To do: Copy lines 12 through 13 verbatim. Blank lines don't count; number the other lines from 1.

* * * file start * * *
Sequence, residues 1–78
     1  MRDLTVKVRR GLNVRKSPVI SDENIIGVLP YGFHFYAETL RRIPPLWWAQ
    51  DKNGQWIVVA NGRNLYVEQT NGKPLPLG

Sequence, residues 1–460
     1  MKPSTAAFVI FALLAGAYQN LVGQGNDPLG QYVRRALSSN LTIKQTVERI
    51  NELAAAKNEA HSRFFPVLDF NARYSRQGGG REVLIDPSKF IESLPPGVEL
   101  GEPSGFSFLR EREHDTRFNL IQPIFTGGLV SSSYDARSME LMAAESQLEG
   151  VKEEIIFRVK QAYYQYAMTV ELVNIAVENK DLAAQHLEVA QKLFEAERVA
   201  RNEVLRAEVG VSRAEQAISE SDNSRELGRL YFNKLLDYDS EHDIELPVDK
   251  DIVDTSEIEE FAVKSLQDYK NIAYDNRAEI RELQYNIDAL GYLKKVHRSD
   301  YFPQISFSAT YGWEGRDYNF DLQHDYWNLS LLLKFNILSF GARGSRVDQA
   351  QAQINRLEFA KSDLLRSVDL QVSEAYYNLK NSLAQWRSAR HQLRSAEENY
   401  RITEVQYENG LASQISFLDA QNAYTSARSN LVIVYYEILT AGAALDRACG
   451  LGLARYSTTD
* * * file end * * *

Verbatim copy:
   351  QAQINRLEFA KSDLLRSVDL QVSEAYYNLK NSLAQWRSAR HQLRSAEENY
   401  RITEVQYENG LASQISFLDA QNAYTSARSN LVIVYYEILT AGAALDRACG